The Cool Factor for Japanese youth

Apr 5, 2021

To the very young, earlier generations’ lives must seem redolent of ancient history; and hearing too many details of pre-meme days either engenders a horrified shudder or absolute boredom. This is of course matched by their parents’ utter mystification at how they spend their time. For the corporates trying to reach these consumers, however, the messaging service LINE’s  (link) regular surveys on the ‘hottest’ interests of Japan’s youth (15-24yo) offer valuable insights. And for much of 2020, both the girl band NiziU and the anime Demon Slayer (鬼滅の刃, Kimetsu no Yaiba) have dominated every ranking.

NiziU at first glance appears as a Japanese version of the typical K-Pop girl band, formed via a (televised and streamed online) casting and training camp, and appeals more to the female demographic. Kimetsu is in contrast more popular among young men: more interestingly, it again seems to have a well-known formula. What then has led to their record-shattering success, and what does that tell us about broader changes in the mentality of Japan’s young?

We believe there are six elements that together constitute the ‘cool factor’ in today’s youth culture:

1. Being uniquely in sync with the Zeitgeist

Both of these cultural phenomena use existing expectations and then subvert them. NiziU uses the usual casting process not to sniff out weak links, but to ‘criticise with love’ (愛のあるダメ出し). It is a friendly competition, not a ruthless winnowing. This taps into many girls’ disillusionment with the crushing conformity often demanded by Japanese society: to not step out of line, to fit into the group, to be moulded. The show critiques maxims such as “humans become real people when raised strictly” (人は厳しく育てると真人間になる), and instead judges contestants as individuals with a unique set of skills and standards.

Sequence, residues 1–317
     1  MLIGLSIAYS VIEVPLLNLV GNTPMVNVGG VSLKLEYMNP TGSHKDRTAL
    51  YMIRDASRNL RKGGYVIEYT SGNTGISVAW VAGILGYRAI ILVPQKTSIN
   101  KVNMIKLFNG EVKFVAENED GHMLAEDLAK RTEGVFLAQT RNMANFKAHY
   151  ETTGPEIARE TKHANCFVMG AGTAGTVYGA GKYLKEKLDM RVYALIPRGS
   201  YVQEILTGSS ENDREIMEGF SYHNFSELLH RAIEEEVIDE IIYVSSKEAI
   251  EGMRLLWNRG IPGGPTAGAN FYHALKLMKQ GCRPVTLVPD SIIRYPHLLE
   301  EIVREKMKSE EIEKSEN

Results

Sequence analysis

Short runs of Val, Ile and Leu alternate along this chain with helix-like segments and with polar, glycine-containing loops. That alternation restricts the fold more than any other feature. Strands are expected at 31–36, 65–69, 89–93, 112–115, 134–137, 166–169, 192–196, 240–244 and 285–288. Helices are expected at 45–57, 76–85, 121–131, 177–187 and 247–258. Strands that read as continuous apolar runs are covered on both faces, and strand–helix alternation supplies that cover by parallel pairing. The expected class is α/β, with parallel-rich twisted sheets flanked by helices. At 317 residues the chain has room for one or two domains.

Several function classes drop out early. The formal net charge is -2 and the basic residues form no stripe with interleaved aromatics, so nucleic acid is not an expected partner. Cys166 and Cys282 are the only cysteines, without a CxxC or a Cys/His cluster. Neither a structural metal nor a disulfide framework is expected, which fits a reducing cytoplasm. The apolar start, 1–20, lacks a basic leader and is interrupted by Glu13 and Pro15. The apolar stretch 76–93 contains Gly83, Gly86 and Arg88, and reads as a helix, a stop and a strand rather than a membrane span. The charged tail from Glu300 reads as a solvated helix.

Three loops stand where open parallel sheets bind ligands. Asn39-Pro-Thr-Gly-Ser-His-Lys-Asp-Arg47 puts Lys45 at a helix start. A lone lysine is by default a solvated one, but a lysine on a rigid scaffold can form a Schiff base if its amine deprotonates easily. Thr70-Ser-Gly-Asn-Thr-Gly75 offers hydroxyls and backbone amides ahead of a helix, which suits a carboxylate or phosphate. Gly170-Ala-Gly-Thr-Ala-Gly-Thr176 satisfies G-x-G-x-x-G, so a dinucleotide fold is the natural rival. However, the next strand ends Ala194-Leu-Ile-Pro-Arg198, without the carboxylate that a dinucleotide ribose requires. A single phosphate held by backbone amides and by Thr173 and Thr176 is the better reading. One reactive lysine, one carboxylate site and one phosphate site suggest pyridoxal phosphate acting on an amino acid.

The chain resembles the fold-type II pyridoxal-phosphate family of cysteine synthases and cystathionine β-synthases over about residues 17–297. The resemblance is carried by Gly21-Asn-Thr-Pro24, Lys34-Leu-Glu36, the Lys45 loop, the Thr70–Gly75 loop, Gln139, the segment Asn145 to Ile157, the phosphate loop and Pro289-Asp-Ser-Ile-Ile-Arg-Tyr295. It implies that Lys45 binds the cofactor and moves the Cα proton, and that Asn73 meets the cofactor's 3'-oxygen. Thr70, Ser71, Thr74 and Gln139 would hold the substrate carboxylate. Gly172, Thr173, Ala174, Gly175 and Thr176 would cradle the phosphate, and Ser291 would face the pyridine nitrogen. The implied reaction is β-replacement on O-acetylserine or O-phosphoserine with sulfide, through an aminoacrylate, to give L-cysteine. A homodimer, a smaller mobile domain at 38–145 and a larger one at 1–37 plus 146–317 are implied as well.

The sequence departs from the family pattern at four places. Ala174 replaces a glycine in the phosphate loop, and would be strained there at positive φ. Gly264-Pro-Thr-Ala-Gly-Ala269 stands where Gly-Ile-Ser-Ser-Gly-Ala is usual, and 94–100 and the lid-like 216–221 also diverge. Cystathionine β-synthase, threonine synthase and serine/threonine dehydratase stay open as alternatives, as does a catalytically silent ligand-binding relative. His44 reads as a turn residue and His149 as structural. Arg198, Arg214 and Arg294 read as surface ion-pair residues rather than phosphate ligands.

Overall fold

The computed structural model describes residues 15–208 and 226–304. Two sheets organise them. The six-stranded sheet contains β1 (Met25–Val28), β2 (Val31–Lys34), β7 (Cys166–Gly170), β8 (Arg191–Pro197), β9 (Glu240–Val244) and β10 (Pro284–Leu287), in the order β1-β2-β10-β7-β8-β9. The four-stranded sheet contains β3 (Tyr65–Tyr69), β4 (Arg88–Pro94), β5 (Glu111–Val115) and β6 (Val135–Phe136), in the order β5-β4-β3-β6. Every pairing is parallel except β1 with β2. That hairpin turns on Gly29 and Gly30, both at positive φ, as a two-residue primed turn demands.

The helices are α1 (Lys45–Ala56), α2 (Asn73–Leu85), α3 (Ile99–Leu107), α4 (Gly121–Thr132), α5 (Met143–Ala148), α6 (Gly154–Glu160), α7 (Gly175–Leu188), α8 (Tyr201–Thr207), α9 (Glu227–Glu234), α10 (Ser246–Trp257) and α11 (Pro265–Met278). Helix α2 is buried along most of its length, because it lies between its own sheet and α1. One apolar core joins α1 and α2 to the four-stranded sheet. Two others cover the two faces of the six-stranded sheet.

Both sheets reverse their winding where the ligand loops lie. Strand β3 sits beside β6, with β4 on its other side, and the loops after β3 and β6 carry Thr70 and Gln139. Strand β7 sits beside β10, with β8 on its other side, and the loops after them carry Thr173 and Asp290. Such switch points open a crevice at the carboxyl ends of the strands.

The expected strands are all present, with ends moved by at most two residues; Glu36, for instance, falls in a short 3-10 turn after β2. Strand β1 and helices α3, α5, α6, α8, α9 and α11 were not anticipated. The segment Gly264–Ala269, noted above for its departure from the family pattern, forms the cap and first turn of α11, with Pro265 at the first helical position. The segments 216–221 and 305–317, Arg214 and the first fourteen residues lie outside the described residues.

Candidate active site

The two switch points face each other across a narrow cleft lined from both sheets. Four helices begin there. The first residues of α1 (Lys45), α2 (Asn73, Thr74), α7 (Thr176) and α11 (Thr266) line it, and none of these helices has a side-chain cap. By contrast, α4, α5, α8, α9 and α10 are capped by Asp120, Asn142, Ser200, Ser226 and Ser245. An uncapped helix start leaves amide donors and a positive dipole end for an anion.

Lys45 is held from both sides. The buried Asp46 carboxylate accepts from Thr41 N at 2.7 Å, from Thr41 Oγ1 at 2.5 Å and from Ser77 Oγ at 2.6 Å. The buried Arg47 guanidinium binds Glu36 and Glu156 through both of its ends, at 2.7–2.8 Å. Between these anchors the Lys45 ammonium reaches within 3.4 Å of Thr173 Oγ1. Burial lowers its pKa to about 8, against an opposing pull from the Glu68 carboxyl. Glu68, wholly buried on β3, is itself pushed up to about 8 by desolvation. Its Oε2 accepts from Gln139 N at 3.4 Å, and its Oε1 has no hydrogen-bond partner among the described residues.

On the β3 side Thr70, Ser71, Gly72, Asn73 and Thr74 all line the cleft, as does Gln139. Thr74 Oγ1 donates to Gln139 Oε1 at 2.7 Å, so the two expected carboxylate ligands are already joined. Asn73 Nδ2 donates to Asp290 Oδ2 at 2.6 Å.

Kimetsu’s subversion can be seen in its nihilistic approach: in contrast to most anime, there is little to distinguish protagonists and antagonists. These characters all have tragic backstories in the face of a cruel, cold and unreasonable world. They react to this by claiming not to care about anything, and yet bravely continue to make the best of their situations. This attitude speaks strongly to a younger generation who have little expectation of a better life than their parents.

 

2. Having an edge to it

To be ‘cool’ is to be more than just popular: it must involve an exclusivity and avant-garde twist that is lost on mainstream consumers. NiziU’s superficial conformity to the genre’s norms only gradually revealed its peculiarities: its unusual Japanese-Korean casting and novel approach to training. Kimetsu – based on a manga long perceived by the anime industry as too niche and dark –

was more of a surprise. Its unusual Taisho Era setting (Japan’s brief version of the roaring 1920s) tapped into a wider nostalgia, with an edgy retro aesthetic that has become only more desirable, with 1920s-style products growing fast (for example, The Tailor: link).

 

3. Modern and omni-channel

Although the integrated nature of content, channels, production and merchandising has long been a hallmark of all Japanese entertainment, NiziU and Kimetsu have leveraged this still further. Both NiziU’s weekly streaming on Hulu and ever-rolling YouTube content allow fans to track the casting and training camp progress. Meanwhile, to walk around Tokyo in 2021 is to be confronted by something Kimetsu-branded on almost every corner.